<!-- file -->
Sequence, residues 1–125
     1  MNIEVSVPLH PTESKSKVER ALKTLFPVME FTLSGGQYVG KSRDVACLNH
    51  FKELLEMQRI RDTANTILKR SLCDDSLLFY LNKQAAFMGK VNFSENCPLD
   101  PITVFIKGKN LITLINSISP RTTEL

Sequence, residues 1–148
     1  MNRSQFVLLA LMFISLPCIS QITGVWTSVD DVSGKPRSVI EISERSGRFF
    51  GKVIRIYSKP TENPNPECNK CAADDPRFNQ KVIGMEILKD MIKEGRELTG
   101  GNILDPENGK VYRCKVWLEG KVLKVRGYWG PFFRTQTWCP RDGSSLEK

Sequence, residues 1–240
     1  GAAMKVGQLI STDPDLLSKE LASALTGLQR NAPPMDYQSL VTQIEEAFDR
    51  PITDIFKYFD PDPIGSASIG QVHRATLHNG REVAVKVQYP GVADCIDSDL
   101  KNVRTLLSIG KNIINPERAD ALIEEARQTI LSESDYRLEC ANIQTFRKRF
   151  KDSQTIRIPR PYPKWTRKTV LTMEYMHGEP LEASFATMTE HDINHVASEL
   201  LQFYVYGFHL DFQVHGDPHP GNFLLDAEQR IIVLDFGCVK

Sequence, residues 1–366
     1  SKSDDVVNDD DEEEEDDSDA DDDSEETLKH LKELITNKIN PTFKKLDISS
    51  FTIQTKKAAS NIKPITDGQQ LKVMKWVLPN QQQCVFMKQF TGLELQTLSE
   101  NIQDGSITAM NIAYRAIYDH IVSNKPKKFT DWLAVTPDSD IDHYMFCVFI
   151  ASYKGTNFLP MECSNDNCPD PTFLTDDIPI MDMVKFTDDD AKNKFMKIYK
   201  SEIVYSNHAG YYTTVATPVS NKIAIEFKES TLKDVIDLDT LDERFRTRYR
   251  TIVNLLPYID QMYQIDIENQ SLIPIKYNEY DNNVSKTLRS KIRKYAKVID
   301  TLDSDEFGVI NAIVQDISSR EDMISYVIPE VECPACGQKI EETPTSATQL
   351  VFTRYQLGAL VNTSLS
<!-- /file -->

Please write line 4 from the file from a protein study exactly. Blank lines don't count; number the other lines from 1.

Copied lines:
   101  PITVFIKGKN LITLINSISP RTTEL